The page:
A couple of weeks back I mentioned how exciting it was for the prospect of Turkey returning to the F1 calendar. Now that we have the confirmed and can get incredibly excited for it, I have to say for once I’m extremely excited to see the cars race at Bahrain. Well, at least one of the times the cars will race there that is. With two races scheduled at the Sakhir circuit, the smart decision was made to make one of the races happen on a different track layout in order to change things up a bit. This of course will happen on the shortened version of the track, with laps set to drop below 60 seconds which will be a sight to see. For the first time in the 16 year history of the Bahrain Grand Prix we can actually look forward to watching racing there. I say bring it on.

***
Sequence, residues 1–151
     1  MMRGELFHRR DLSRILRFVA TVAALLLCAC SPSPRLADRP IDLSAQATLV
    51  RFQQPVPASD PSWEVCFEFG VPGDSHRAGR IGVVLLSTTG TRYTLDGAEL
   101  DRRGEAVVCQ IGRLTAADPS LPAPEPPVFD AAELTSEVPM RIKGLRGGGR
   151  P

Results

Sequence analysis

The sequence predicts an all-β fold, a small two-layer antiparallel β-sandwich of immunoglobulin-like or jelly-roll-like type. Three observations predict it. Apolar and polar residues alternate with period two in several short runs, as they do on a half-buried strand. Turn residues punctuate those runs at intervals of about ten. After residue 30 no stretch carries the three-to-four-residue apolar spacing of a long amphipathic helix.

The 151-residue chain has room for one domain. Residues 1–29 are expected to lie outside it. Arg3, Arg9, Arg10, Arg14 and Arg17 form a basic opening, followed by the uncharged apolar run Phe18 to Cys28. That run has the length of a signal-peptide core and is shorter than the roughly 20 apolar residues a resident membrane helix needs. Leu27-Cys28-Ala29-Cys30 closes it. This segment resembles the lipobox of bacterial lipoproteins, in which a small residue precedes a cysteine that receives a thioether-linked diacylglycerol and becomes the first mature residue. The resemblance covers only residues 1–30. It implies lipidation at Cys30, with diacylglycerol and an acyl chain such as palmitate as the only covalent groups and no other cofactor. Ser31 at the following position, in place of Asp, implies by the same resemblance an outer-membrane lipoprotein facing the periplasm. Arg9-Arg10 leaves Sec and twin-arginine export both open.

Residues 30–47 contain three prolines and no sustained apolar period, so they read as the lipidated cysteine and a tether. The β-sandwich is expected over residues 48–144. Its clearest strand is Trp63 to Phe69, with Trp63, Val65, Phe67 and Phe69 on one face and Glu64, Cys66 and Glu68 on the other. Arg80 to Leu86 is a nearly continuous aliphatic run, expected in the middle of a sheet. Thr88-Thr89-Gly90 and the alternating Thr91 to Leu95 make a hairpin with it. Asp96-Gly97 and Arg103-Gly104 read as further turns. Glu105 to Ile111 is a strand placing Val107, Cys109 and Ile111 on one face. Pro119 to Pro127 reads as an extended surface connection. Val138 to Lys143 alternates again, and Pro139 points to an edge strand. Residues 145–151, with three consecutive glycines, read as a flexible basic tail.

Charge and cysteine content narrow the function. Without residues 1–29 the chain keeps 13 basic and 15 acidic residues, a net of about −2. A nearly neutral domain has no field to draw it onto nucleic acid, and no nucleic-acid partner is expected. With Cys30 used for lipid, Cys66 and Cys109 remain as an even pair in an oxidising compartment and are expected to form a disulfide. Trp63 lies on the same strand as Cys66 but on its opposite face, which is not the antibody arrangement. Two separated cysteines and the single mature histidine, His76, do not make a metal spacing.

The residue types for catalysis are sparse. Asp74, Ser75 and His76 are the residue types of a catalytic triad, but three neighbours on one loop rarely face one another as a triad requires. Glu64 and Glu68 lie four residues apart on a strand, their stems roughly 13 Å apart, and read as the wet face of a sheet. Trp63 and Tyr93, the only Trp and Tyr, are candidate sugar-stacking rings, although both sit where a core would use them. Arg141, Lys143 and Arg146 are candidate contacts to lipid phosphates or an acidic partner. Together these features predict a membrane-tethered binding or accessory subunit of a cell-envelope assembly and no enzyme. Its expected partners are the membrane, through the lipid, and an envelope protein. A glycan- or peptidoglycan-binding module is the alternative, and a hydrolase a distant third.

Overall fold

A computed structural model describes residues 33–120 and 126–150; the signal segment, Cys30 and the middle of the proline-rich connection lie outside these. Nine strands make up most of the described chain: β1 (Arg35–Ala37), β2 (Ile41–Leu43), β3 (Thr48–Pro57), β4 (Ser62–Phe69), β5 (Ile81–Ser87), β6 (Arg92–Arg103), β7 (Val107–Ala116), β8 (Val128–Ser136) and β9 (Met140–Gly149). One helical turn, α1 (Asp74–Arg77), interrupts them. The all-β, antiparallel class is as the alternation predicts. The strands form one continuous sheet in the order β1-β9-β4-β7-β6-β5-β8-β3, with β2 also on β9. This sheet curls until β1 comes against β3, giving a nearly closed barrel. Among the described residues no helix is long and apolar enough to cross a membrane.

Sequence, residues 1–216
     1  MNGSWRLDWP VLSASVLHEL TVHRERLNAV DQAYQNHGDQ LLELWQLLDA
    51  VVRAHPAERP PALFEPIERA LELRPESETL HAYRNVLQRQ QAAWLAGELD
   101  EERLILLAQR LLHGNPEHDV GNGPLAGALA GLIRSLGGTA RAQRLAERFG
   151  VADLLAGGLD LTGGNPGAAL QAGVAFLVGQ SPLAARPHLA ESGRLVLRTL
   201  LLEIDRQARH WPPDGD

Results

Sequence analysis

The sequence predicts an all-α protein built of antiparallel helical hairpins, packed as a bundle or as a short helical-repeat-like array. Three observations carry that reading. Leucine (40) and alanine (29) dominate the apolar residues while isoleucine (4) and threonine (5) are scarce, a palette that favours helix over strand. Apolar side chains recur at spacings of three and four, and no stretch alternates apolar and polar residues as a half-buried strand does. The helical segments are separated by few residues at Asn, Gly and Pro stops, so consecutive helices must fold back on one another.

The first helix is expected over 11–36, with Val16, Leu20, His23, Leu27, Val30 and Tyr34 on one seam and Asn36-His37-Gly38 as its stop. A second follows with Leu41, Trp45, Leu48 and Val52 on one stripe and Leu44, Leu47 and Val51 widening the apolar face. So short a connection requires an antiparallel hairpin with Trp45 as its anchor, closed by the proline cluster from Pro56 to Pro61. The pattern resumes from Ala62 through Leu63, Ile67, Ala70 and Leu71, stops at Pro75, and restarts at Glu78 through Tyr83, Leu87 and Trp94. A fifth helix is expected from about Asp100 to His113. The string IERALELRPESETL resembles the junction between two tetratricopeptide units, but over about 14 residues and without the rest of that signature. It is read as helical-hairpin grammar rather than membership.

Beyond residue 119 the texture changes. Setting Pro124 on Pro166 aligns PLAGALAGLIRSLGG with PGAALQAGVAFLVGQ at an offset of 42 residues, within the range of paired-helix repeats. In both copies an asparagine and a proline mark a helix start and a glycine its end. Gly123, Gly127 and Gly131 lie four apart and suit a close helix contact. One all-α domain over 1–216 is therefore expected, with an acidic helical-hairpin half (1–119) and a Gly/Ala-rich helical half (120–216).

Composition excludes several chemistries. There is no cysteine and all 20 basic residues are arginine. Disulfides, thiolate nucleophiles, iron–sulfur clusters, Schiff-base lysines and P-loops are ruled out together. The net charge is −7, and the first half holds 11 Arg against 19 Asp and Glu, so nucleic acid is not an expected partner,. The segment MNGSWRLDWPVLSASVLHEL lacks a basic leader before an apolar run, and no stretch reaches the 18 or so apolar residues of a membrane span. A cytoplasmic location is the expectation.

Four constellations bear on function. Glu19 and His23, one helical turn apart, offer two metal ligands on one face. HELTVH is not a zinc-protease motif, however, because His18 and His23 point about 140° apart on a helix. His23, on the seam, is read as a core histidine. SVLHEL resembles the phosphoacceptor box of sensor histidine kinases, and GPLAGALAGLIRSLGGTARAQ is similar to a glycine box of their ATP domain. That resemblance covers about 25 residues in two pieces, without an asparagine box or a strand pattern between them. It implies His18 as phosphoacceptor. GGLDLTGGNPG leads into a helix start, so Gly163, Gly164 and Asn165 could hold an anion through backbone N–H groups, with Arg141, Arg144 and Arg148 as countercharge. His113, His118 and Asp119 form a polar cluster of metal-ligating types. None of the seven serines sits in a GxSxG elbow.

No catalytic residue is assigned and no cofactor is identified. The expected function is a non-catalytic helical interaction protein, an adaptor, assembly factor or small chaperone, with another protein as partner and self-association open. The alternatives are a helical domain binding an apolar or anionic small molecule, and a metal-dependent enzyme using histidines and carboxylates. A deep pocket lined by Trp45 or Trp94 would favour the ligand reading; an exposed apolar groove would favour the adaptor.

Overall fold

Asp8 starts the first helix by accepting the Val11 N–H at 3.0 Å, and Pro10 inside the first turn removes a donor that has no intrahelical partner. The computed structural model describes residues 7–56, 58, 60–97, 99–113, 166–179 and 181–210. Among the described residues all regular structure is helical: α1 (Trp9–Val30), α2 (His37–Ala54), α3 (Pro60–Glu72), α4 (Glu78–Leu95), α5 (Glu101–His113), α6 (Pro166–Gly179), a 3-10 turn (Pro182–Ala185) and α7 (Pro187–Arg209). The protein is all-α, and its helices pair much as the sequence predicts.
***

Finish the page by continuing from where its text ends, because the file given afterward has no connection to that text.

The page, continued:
Stroll and Latifi Watch: Nothing much to see here
A quiet one for both my Canadian boys. Unfortunately for my man Lance Stroll the Racing Point just didn’t seem to work as well at Spa as their midfield rivals at Renault and McLaren. That meant a qualifying spot of ninth and a finishing spot of ninth as well. Two points are better than none of course, and Stroll remains in the hunt for fourth in the Championship and still sits only six points behind Albon. But it was not the heights that perhaps were expected.
For Mr Latifi, well, he wasn’t last and that’s always a positive. He qualified 19th and finished 16th ahead of the Haas of Kevin Magnussen and only a second behind the second Haas of Romain Grosjean.
It’s all about the experience for Nicholas who continues to remain consistent in his difficult Williams.
It’s time to move onto one of my favourite tracks at Monza, which is usually exciting, but Spa is usually exciting also. So based on that, we’ll cross those fingers for a decent race for once! Bring it on!
This article was originally written for The Roar. You can read the published version here